I think people know better than to ask me for a trip report to a conference I've attended. They'll get what I
think is important - and their
priorities are probably different. So here is
that trip report anyway...
You'll probably have gathered by now I'm for a "for the journey" person than a "for the destination" one. But I won't bore you with the minor inconveniences on both ends of the trip - because I personally try to forget the (often long and tedious) journey when I get to the destination (or home again). I'd rather focus on where my travels took me.
I will admit to sampling hostelries - with good friends. I also was very
pleased to be in the company of friends - both old and new. Personally, I think the social aspect of a conference is almost as important as the sessions. And, of course, some really useful
conversations were had - with IBMers, business partners, vendors and customers. I can't really summarise these - for the usual obvious reasons.
My four sessions mainly went well. The topics are summarised here
. But here are my perceptions:
- "Parallel Sysplex Performance Topics" went well, I think. Mainly because I talked about the subset of items I really wanted to talk about. Most notably "Structure Execution Time" and "Structure Duplexing Performance". (And I had a very good question on how the non-CPU element of request time relates to distance and technology.)
- I think "Much Ado About CPU" has become disorganised. It needs refocusing. Particularly as I expect the CPU picture to continue to evolve over time. And so this one has to survive in some form.
- "Memory Matters" was done while too tired. I also think it contains too much baggage from DB2 Version 8 (even though many customers are still on 8). I also think the "Coupling Facility Memory" section doesn't really add much.
- "DB2 Data Sharing Performance For Beginners" turns out not to be a "for beginners" presentation, really. If I'm introspective about it I thought when I wrote it it would help explain the major themes but I couldn't pretend be as knowledgeable as the true greats of Data Sharing. For example, those that write "DB2 Performance Topics" Redbooks. So I should skip the "for beginners" part of the title and rework it to make it as good a presentation as I can for those who already have some knowledge. The stuff needs saying but I need to say it better.
But, I think in the above I'm being harsh on myself. I got good evaluations on all four. Maybe the audience is very kind.
I took notes using the Writepad handwriting application on iPad (into Evernote so I can read them and edit them everywhere). Writepad does a very good job but I still wish I'd brought the keyboard along: I found the mechanics of taking notes diminished my ability to listen. I'd pull out the following presentations as ones I got a lot out of. (Others will have their own favourites.)
- Susann Thomas (a team-mate from the 2009 Batch Modernisation residency) did a very nice job on introducing XML for System z. So much so I'm convinced I need to understand the XML story better. (You may have seen on Twitter my attempts to do stuff.)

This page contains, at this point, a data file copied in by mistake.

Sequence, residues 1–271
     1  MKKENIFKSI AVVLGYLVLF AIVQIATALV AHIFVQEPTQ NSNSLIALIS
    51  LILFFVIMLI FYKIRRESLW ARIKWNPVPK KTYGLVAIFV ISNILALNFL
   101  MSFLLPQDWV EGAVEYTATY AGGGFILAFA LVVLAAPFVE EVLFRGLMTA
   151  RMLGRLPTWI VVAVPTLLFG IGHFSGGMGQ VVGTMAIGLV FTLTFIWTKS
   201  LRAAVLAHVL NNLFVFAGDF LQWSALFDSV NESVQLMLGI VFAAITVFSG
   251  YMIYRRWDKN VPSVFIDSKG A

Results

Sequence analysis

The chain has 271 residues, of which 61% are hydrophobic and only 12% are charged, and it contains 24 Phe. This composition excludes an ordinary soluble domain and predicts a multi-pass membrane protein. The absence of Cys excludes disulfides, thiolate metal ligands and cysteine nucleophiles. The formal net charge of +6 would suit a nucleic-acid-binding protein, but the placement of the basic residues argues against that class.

- Harald Bender's XML and RMF presentation makes me think a practical example of XML to play with is that produced by RMF.
- Marna Walle did a nice job of her z/OS R.13 Preview presentation. (Which reminds me I must write on in-stream SYSIN in a PROC soon.)
- George Ng (who apparently reads this blog ) presented on Infiniband Coupling Facility links. I note all RMF knows about Infiniband links is the channel path acronym "CIB". It can't distinguish between e.g 1x SDR and 12x DDR, for example. You can imagine I'd "have views" on that sort of thing.
- Christian Daser explained rather well, I thought, the tricky DB2 V10 Bitemporal support, as well as a few other pieces of DB2 Application componentry in 10.
- Peter Enrico will certainly have opened some eyes to the value of SMF 113 CPU Measurement Facility instrumentation. I've been familiar with this for a long time - certainly from before we announced it. I would write about it if I didn't feel Peter (and John Burg) hadn't already done so as well as I could have - if not better.
- Mike Buzzetti gave a very good introduction to Cloud on System z, particularly about TSAM for provisioning.
- I've tried to run with Jeff Berger's foils before now. I'm so glad I don't have to anymore: He does so much better a job of it than I do. The topic I saw him present this time was on DB2 V10 Performance. I'm eagerly awaiting the Redbook, of course.
- And last but not least Bob Rogers' "What You Do When You're a z196 CPU". I'm very glad he keeps updating it for each generation of processors. It's one where you really do need to know what happened before so I'm pleased he's kept in z9 and z10 stuff.
Of course I don't know whether you have access to the proceedings. If you do I recommend you pull down some of the above sets of slides. If not maybe you'll see them at some other conference or user group.
After a week of this I'll admit to coming home very tired. (In fact I think everyone felt that way by Thursday morning.) But it was a great week for me. And thanks to everyone who made it so good for me.
And if you didn't get to Vienna I hope you do
get to some System z conferences: They've a very
good use of money and time.